Thursday, January 17, 2013

they put coffee in their coffee in Brazil




From its beginnings in 15th century Yemenite monasteries, coffee has become a staple in the life of 100 million Americans. Ward Cleaver, Steve Douglas or Mike Brady wouldn't have dreamed of starting a day without it. When time-traveler Marty McFly stumbled upon his father's adolescent hangout, Lou the counterman served him up a steaming cup of coffee when the request came for "something without sugar in it." Jerry Seinfeld and George Costanza spent nine seasons picking apart their lives over a cup of coffee. Special Agent Dale Cooper wouldn't have made it through an investigation without a slice of cherry pie and "a damn fine cup of coffee."

I began drinking coffee in high school. Once I started art school, I drank coffee daily, downing three or four cups on some days. As an adult, I start every morning with a cup of coffee. A year or so ago, we purchased a Keurig single-cup coffee maker and things couldn't have gotten more convenient. I have a cup of coffee before I leave for work and another one when I arrive at my office. Sometimes, I'll even swallow an additional cup in the late afternoon. I've been doing that for years.

Coffee was the original no-frills beverage. It didn't get much simpler than hot water forced through ground coffee beans. It was quick. It was hot and it was cheap. As reflected in the 1955 setting of Back to the Future, coffee was a nickel a cup. The classic panhandler begged for a few spare coins for a cup of coffee. The cheapest date you could plan was "Hey, let's meet for coffee." You could impress (or repel) a girl for under a buck.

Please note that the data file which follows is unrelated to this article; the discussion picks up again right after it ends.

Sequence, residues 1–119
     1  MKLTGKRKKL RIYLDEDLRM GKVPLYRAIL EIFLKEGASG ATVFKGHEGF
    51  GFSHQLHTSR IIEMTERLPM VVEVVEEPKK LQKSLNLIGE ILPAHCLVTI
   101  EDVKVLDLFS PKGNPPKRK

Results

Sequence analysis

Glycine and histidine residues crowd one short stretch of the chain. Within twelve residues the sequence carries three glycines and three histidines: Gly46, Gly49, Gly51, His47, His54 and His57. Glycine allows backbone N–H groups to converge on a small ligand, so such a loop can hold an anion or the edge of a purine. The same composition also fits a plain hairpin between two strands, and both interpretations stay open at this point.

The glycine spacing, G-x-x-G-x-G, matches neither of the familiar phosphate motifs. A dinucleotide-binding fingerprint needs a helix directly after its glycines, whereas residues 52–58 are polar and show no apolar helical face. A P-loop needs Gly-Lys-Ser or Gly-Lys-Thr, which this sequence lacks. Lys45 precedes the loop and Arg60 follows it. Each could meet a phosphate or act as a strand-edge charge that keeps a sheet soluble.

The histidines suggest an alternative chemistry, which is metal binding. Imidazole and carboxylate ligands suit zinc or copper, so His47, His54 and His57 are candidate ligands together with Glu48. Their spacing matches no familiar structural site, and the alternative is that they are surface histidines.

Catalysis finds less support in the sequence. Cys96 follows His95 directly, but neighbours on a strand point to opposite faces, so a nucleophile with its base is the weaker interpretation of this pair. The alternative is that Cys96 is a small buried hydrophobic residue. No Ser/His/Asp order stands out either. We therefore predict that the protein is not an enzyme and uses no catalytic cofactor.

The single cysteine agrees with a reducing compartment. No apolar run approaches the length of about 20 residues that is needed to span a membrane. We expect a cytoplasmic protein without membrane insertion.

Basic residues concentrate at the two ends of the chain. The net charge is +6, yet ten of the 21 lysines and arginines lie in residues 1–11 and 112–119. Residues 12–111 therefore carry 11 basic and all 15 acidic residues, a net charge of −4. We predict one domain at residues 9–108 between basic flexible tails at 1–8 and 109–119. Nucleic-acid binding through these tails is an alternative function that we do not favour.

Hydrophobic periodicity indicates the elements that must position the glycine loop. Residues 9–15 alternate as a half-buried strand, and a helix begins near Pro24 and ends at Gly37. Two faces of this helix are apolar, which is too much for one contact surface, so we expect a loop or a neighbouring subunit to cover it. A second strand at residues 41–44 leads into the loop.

Then something happened to coffee.

Coffee became the drink of choice among the coolest members of society. Coffee connoisseurs began to spring up everywhere. Exclusive coffee specialty shops opened on every corner. Ordering a hot beverage was as intricate as giving instructions on landing an aircraft. And then, those complicated instructions got compacted into truncated code. A secret language only understood by elite coffee drinkers and seasoned baristas. There's another word — barista!  Who ever heard that word  before Starbucks invaded our lives?

Now, before you spill your tall skinny half-caff double-shot vanilla latte, I am not about to knock Starbucks. Look what Starbucks has accomplished. They have succeeded in making us go from starting our mornings with a small, dark cup of plain brewed Maxwell House to carrying a bucket-sized container of overly-sweetened coffee that looks like an ice cream sundae and costs as much as two dozen donuts. And they did it in about a decade. Starbucks has spawned a number of copycats and together they have turned the humble cup of coffee into an 18-billion dollar industry in the United States. Homeless can no longer just ask "spare some change for coffee." At that rate, it would take months to accumulate enough money for a "short" (or as we long-time coffee drinkers say: "small"). As a supporter of free enterprise, I have no problem with Starbucks. More power to them. I just don't like the taste of their coffee. I do, however, admire their achievement in getting society to accept whipped cream and chocolate syrup in the same "coffee condiment" category as sugar and half-n-half.

I'm gonna run out for some coffee now.

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